The Missouri Department of Conservation held a free program on snakes Thursday evening at Krug Park in St. Joseph.
The one-hour program was taught by naturalist Shelby Smith. Smith brought three snakes to the event.
“I’ve done snake programs for over 4,000 kids in St. Joseph since I started,” Smith said. “When I’m in a classroom, I make sure to introduce them slowly. We read the book, then bring out the fake snake and pet it. Then I bring out the snake because the snake isn’t in the room when we start. It’s a very gradual process.”
On Thursday, Smith and two Missouri Department of Conservation interns brought three snakes to the castle at Krug Park. The first of the three was a bullsnake named Mr. Bullsnake.
The bullsnake was rescued from a man illegally breeding the snakes in Jefferson City. Mr. Bullsnake was one of 50 snakes the man held in one tank.
Smith told the class how the department had to teach the animal how to be a snake. Smith used the example of teaching the snake how to correctly eat mice because it was incapable of doing so.
The bullsnake is Missouri’s largest snake. Smith brought with her the five-footlong skin that the snake dropped the last time it shed.
“People are afraid of what they don’t know,” Smith said. “So by helping them understand snakes and what is going on, snakes become less scary to people. Once educated, people are less likely to go out and try and pick them up or kill them.”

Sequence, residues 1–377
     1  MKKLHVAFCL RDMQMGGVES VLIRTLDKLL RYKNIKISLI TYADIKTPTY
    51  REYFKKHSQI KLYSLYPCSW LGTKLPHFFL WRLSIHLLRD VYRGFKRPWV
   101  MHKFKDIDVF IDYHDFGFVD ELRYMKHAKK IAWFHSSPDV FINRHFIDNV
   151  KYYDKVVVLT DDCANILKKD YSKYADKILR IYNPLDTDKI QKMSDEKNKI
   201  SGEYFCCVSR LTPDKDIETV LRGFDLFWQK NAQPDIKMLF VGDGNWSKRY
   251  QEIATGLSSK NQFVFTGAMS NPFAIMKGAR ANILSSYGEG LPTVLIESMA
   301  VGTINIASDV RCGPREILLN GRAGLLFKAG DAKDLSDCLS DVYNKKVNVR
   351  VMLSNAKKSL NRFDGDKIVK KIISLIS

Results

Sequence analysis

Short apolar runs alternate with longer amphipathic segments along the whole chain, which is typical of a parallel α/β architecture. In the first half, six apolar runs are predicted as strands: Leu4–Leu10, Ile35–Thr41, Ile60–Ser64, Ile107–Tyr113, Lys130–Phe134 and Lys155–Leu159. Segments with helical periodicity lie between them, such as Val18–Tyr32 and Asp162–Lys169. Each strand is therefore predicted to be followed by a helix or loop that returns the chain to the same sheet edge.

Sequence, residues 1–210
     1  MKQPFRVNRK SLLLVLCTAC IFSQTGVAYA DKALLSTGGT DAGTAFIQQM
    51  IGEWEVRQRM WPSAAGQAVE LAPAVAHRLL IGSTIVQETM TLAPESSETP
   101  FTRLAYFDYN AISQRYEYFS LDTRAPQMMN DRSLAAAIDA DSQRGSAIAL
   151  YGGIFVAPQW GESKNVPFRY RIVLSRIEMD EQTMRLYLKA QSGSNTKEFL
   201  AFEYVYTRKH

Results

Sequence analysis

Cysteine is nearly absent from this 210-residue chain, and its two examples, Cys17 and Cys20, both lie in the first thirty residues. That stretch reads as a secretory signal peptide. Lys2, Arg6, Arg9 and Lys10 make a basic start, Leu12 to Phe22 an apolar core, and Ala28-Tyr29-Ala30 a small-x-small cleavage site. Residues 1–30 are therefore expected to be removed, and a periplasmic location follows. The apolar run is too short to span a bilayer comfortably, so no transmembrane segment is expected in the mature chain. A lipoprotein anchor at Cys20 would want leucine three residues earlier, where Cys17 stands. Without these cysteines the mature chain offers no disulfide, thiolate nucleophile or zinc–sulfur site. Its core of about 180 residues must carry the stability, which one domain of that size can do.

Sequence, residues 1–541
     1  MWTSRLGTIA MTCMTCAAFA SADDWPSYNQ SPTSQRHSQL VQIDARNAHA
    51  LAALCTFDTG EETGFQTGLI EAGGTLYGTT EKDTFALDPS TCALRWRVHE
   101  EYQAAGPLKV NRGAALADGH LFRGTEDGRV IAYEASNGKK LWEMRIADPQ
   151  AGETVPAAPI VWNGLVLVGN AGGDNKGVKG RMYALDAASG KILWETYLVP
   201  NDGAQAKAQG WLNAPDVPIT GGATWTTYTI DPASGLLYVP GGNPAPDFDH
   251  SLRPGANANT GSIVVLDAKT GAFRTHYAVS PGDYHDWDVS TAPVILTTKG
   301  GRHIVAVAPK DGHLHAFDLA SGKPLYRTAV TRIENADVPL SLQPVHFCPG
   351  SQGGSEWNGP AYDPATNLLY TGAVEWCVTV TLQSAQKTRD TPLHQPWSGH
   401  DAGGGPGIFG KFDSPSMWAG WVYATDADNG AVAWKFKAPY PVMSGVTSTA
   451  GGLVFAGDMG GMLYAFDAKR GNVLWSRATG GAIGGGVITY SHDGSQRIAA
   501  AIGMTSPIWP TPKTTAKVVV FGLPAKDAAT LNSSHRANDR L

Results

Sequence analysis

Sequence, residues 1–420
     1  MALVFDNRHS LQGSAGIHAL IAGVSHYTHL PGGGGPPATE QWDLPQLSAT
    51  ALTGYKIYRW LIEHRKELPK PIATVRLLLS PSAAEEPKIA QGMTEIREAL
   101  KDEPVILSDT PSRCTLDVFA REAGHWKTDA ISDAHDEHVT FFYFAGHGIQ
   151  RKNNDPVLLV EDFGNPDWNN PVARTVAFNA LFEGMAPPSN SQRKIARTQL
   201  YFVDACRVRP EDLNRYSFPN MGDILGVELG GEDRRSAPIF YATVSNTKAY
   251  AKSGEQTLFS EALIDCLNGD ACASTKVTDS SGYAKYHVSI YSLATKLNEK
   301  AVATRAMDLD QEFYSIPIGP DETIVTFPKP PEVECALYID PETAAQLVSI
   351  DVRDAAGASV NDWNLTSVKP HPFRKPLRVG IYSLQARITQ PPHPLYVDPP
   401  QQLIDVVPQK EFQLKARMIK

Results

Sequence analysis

The second snake at the event was Ms. Hognose. The hognose snake is known for its multiple ways of defending itself. It can hiss and spread its head and neck like a cobra, or as the viewers learned Thursday night, roll over and play dead.
The third and final snake was a kingsnake that also was a rescue by the conservation department. Ms. Kingsnake was taken in after a Northwest Missouri resident had captured it and tried to keep it as a pet.
Smith talked about the dangers of taking wild animals in and trying to keep them as pets. It is an action that also is illegal in the state of Missouri, she said.
The three snakes brought to the event are three of the most common found in Northwest Missouri. The state has a total of 49 species and subspecies of snakes.
Smith said she enjoys events such as the one Thursday and hopes they continue to help people get outdoors.
“Our main goal is to always get people more involved outdoors and to the conservation areas,” Smith said. “We want people to get out and kayak, hunt or whatever it may be.”
The conservation department has two more events on its schedule in the next month. On Sept. 9, there will be a fly fishing class beginning at Krug Park. Then on Sept. 23, there will be a one-hour class on animal adaptations, also at Krug Park. Details are available at mdc.mo.gov/ under the events tab.